I think languages are a great way to add flavour to your story. If you use Latin, you have a lot of baggage along with it. If you use Old Norse, Old English, Old French, these all have their own tone and feelings to them. As long as you're aware of that, you can kinda get the benefit.

Of course, that also raises the question of "How do you have Latin in your world if Rome doesn't exist?"

Re: magic and the language

#15

DrCCat Wrote: One of the things I tend to notice is that magic in general tends to use Latin words or phrases. while it sounds cool and everything I wonder why its a staple?
Not everyone has a toddler to run lines through. What you need to do for your spells is get a 2 year old that enjoys repeating what you say, tell them your spell chant in your native language and then make whatever they regurgitate back out your actual spell.

Re: magic and the language

#16

DrCCat Wrote:
Haust Wrote: Latin is nice to use for magic because it is a dead language that everyone is familiar with. It's immediately recognizeable, everyone knows what ecclesiastical Latin sounds like so there's no need to wonder how a word is pronounced, and very, very few people are familiar enough with Latin to have their immersion broken when the author gets it wrong. 

Latin is simply staple for a whole bunch of super good reasons. 

That said, I usually prefer either nonsense words, short Latin words over sentences, or any language I actually speak (usually but not always the language I'm writing in).

Seems kinda limiting especially if your world doesn't have the Romans in it

Im in agreement with using nonsense words or even other languages. I typically use Proto-Norse and/or old English before the vowel shift
  1. Does England exist in your world?
  2. Is all your dialogue in English?

Re: magic and the language

#17

Cefor Wrote: If you use Latin, you have a lot of baggage along with it. If you use Old Norse, Old English, Old French, these all have their own tone and feelings to them.
The problem with Old Norse and Old French is that speakers of modrern Nordic and French are quite likely to be able to spot your mistakes. That might not seem like an issue but it can be very immersion killing when some well-learned or fluent character makes simple grammar mistakes that you can spot immediately.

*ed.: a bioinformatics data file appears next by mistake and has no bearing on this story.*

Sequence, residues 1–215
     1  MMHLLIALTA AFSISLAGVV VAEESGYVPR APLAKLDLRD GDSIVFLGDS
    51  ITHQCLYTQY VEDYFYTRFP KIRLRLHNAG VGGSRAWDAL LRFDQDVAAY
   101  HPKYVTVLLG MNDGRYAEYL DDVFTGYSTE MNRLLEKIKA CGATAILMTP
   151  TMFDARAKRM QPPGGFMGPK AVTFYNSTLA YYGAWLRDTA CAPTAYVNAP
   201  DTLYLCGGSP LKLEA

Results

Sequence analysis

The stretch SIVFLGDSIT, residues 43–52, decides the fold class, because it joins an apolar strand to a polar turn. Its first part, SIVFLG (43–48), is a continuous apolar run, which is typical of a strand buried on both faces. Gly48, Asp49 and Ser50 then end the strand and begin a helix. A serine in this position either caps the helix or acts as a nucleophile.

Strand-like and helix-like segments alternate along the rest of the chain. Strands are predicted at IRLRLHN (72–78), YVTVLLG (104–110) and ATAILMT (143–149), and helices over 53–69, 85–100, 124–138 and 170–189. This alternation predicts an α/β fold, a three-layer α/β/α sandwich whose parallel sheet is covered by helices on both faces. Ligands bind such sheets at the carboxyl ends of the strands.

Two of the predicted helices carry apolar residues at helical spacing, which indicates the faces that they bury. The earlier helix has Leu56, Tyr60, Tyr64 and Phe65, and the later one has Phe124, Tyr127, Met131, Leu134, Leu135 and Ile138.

Not a huge issue perhaps, but with Ecclesian Latin, as far as I understand it's far enough removed that you don't really need to worry about this with any of the modern decendants of the language since it became its own thing during the middle ages. That's a plus it's got over many other dead languages. 

Re: magic and the language

#18

Haust Wrote:
Cefor Wrote: If you use Latin, you have a lot of baggage along with it. If you use Old Norse, Old English, Old French, these all have their own tone and feelings to them.
The problem with Old Norse and Old French is that speakers of modrern Nordic and French are quite likely to be able to spot your mistakes. That might not seem like an issue but it can be very immersion killing when some well-learned or fluent character makes simple grammar mistakes that you can spot immediately. 

Not a huge issue perhaps, but with Ecclesian Latin, as far as I understand it's far enough removed that you don't really need to worry about this with any of the modern decendants of the language since it became its own thing during the middle ages. That's a plus it's got over many other dead languages.
That is fair, though I'm sure that there are people out there who would still do that for Latin haha

This is why I retreated to a conlang instead of just trying to use an older language. You get to make the grammar rules so you can decide if you're wrong or not.

Of course, you have to be internally consistent if you do!